15 Sep 2014
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School SPLOST Vote Set for March 2013

The Cobb Board of Education approved a resolution Wednesday, but heard a strong dose of anti-tax sentiment.

School SPLOST Vote Set for March 2013 School SPLOST Vote Set for March 2013 School SPLOST Vote Set for March 2013

As expected, the Cobb Board of Education on Wednesday adopted a resolution to call for a March 2013 referendum to extend the Education SPLOST.

But the job of selling voters on a $717 million school construction and maintenance project list figures to be a challenging one, given Cobb's recent SPLOST track record. 

The one-cent sales tax, if approved by voters, would begin in January 2014 and would be collected through December 2018.

But before the vote, representatives of a local taxpayers group and the Georgia Tea Party spoke out against a March referendum.

And the chairwoman of the school board's SPLOST citizen oversight panel predicted that the finalized SPLOST IV "notebook" (see attached PDF) will fail at the polls.

The board voted only 4-1 to adopt the resolution, which sets a special election on March 19, 2013, and that will cost $300,000.

Board chairman Scott Sweeney and vice chairman David Morgan voted in favor of the resolution, as did board members Lynnda Eagle and David Banks.

Board member Kathleen Angelucci, who along with colleague Tim Stultz had sought a delay in the referendum to November 2013, voted against the resolution, saying the public won't have enough time to digest the project list.

She also repeated concerns about a proposed $30 million career academy that has no location. At a presentation last week, school officials offered few details about how school operations, including teacher salaries, would be funded beyond construction.

"I have serious reservations," Angelucci said. While the idea of a career academy is "not the issue, the ends seem to justify the means." She questioned how the school system can "entertain the notion of spending tax money for a new building" when other existing needs are going unmet.

Board member Alison Bartlett, who was defeated in her re-election bid last week, abstained from voting, although she says she hopes the SPLOST will pass and will be pushing for its approval.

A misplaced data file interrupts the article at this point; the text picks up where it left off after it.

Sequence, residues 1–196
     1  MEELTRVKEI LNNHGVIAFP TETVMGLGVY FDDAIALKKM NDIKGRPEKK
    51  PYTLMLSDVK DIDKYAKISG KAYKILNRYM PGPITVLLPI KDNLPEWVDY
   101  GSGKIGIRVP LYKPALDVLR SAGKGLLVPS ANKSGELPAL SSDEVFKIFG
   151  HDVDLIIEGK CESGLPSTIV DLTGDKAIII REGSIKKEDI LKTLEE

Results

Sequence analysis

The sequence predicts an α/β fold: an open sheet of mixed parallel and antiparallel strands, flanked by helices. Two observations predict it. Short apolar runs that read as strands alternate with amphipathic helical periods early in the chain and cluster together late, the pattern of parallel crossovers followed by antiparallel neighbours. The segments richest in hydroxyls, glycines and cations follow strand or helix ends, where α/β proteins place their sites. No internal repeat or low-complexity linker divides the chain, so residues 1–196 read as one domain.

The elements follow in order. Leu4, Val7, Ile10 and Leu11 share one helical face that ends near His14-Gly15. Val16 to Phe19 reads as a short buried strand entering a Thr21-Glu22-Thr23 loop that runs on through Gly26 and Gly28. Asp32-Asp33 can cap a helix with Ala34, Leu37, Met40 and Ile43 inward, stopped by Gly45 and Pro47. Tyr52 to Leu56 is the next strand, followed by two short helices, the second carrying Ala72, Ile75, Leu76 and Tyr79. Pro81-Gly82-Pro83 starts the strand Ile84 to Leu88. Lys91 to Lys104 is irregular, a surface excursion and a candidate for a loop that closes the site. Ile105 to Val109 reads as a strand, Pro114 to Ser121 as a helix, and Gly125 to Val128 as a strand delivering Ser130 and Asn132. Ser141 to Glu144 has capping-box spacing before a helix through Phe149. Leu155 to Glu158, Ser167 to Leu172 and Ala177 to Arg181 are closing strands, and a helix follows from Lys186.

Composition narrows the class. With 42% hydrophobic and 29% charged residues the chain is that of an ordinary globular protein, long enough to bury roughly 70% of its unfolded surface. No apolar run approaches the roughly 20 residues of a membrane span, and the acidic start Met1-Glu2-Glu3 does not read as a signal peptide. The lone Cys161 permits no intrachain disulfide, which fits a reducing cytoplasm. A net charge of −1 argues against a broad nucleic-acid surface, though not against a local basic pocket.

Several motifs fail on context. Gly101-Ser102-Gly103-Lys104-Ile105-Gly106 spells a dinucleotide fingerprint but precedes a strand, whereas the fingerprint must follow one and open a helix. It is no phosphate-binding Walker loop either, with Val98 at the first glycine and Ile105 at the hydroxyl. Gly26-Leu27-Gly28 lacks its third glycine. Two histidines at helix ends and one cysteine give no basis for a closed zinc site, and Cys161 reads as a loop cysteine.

"But since I won't be here to hold the school system accountable, I don't feel I can vote for [the resolution]," she said.

Stultz was not at the meeting because of a business commitment.

Angelucci's remarks drew applause from several audience members, including some who spoke out against the March referendum.

Tom Maloy of the Georgia Tea Party and Lance Lamberton of the Cobb County Taxpayers league cited "unanswered questions" about the career academy and the continuing litany of uninterrupted SPLOST collections for their opposition.

"A lot of us in Cobb are SPLOSTed out," said Lamberton, who was a vocal figure against the 2011 Cobb government SPLOST that passed by 100 votes, as well as the metro Atlanta transportation SPLOST that was soundly defeated this summer.

So was Maloy, who told school board members that "we believe that the process needs to be slowed down."

They echoed Angelucci's call for more time to examine the 155-page project list, which was revised for the final time last week. It includes the following major projects:

  • Nearly $40 million for a new fine arts facility, theater, gymnasium and other improvements at Walton High School;
  • Nearly $30 million for an East Cobb area replacement middle school;
  • Nearly $30 million for the reconstruction of Osborne High School;
  • Nearly $30 million for the career academy;
  • Two replacement elementary schools costing $23 million each.

Also pleading for a delay was Kim Euston, chairwoman of the school board's Facilties and Technology Committee. She's been especially vocal for the last month that the notebook was hastily produced and is pessimistic about its chances of meeting the muster of voters.

"Anti-tax, anti-government sentiment is high in Cobb," Euston said. "This project list as it is will not pass in March."

Walton parents advocated in favor of the March vote and the notebook, which they say is badly needed to address severe overcrowding and antiquated facilities at the East Cobb high school.

They also dismissed concerns about the timing of the referendum, which critics believe will lead to lower turnout.

"It's the public's responsibility to turn out in March," said Walton parent Patti Morgan. "As a member of the Walton community, when something is important, we come out and vote."

Sweeney, who represents the Walton district, said that without continued SPLOST funding -- combined with the lack of state funding and a drop in the county's tax digest -- the Cobb school budget deficit could swell from an estimated $40 million hole for fiscal year 2014.

"It's not inconceivable that it's more than a $100 million shortfall," he said. "I'm not trying to spread panic and fear, but I think it's very important to have that context in mind. The programs are extremely vital to the community."

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